It was the most in a day since the pandemic arrived in March. The previous high was 33, reported Sunday.
The statewide death toll now stands at 1,504 people.
New Mexico has averaged 26 deaths a day over the last week, making it the deadliest seven-day stretch of the pandemic so far.
Health officials also reported that 874 coronavirus patients are hospitalized in New Mexico, a 3% decline from the record of 897 set two days ago.
The state reported 2,076 new cases of COVID-19, a little below the average for the week. Case totals have mostly been dropping each day since Nov. 19, when the state had a record 3,664 new infections.
The Department of Health also reported 330 occupied intensive care beds at its seven hub hospitals Thursday – the most during the pandemic so far. It’s well above the baseline capacity of 290, forcing the hospitals to invoke contingency standards to handle the patients.
3-tier system for economic reopening
Every county in the state but Los Alamos is now in the red tier of the new risk system.
To reach yellow – the level in which indoor restaurant dining would be allowed at partial capacity – counties will have to reduce their rate of new cases a day to eight per 100,000 people or their test positivity rate to 5% or less.
The state’s largest counties are well beyond the standards now. Bernalillo County’s test positivity rate, for example, now stands at 18%, and Sandoval County’s is 14%. The rate is 15% in Santa Fe County and 22% in Doña Ana County.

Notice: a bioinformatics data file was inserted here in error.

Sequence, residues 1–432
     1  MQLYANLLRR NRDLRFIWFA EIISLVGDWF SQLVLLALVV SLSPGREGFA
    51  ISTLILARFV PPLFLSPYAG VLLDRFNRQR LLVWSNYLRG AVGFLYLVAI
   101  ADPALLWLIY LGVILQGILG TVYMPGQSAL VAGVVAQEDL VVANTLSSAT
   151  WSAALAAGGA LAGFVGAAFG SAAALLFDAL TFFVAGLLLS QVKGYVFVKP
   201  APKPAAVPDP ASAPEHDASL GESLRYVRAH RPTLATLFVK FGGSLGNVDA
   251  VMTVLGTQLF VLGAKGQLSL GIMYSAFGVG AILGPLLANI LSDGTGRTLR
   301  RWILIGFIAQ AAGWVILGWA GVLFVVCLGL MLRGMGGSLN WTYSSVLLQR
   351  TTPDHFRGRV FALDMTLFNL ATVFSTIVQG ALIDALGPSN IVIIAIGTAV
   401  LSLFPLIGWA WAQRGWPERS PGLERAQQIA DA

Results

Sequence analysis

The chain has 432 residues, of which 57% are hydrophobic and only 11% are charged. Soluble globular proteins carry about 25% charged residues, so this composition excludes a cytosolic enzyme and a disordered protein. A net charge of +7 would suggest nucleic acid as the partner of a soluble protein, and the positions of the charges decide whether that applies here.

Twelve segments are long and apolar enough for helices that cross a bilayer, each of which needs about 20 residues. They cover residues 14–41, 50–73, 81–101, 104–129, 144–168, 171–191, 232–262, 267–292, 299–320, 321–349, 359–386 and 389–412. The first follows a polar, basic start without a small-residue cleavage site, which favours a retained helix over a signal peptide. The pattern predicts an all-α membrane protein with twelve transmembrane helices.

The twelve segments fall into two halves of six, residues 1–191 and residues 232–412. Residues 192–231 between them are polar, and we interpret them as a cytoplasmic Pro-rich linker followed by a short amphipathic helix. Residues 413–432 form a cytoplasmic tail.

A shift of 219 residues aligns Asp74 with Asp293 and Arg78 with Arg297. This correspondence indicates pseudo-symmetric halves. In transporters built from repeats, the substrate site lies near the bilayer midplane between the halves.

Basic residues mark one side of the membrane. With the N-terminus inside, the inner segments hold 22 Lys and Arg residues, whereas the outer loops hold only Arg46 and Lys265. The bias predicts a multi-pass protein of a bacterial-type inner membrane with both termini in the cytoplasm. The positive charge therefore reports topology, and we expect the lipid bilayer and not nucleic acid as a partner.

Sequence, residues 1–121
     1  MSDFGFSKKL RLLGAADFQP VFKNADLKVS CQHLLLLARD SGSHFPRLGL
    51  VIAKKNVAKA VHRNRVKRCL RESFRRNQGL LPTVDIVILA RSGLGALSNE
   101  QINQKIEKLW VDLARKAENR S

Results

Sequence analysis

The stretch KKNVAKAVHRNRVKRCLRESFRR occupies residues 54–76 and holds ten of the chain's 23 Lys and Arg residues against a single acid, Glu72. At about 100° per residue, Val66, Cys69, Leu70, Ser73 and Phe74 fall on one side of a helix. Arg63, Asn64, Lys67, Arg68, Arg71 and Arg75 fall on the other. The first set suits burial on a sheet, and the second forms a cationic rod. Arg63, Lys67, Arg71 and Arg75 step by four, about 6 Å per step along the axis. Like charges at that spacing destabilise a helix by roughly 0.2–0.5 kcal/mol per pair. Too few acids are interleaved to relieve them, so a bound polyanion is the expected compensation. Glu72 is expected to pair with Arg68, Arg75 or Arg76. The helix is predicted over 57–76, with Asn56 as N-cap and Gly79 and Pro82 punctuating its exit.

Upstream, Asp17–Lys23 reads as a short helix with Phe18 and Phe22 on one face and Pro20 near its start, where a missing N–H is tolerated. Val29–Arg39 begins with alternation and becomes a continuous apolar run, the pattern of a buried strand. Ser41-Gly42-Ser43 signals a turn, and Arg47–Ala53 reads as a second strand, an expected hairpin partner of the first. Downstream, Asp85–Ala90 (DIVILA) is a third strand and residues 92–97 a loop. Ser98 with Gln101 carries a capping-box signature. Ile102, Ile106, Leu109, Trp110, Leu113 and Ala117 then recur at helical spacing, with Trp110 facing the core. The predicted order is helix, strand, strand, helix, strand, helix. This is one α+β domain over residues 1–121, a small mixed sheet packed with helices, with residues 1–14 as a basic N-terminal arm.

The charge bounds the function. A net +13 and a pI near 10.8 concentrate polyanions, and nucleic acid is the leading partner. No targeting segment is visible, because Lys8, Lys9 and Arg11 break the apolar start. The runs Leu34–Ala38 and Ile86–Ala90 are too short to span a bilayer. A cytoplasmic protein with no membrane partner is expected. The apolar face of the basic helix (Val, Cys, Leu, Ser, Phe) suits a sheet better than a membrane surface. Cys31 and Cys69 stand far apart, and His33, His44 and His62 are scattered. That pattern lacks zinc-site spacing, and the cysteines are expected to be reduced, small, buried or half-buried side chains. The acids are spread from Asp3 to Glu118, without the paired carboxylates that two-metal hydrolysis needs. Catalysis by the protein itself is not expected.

Each county had at least 82 new cases per 100,000 people, or 10 times higher than the target.
Face masks will remain required in public regardless of where each county falls in the red-yellow-green system.
The county-by-county framework will replace a two-week public health order that shut down much of New Mexico’s in-person business activity and instructed residents to stay home if at all possible.
Lujan Grisham, a Democrat, described the two-week order as a “reset” to help the state address out-of-control spread of the virus. She indicated the state would shift to a county-by-county system afterward, though details weren’t announced until Friday.
It marks a substantial shift in strategy. Earlier in the pandemic, Lujan Grisham insisted on statewide restrictions, contending that people – and the virus – often cross county lines, making consistent rules necessary.
Even with looser rules set to start Wednesday, the governor said New Mexicans should stay home as much as possible to limit spread of the disease.
“It’s been a difficult year and an especially difficult past month,” she said. “We must remain as vigilant as ever to contain and beat the virus; we also must look for ways to lessen the burden on our communities wherever possible, while never swerving from our top priority – protecting New Mexicans and saving lives.”
Lujan Grisham and lawmakers authorized a $330 million aid package this week that will send $1,200 in extra cash to unemployed workers and make grants up to $50,000 available to small businesses.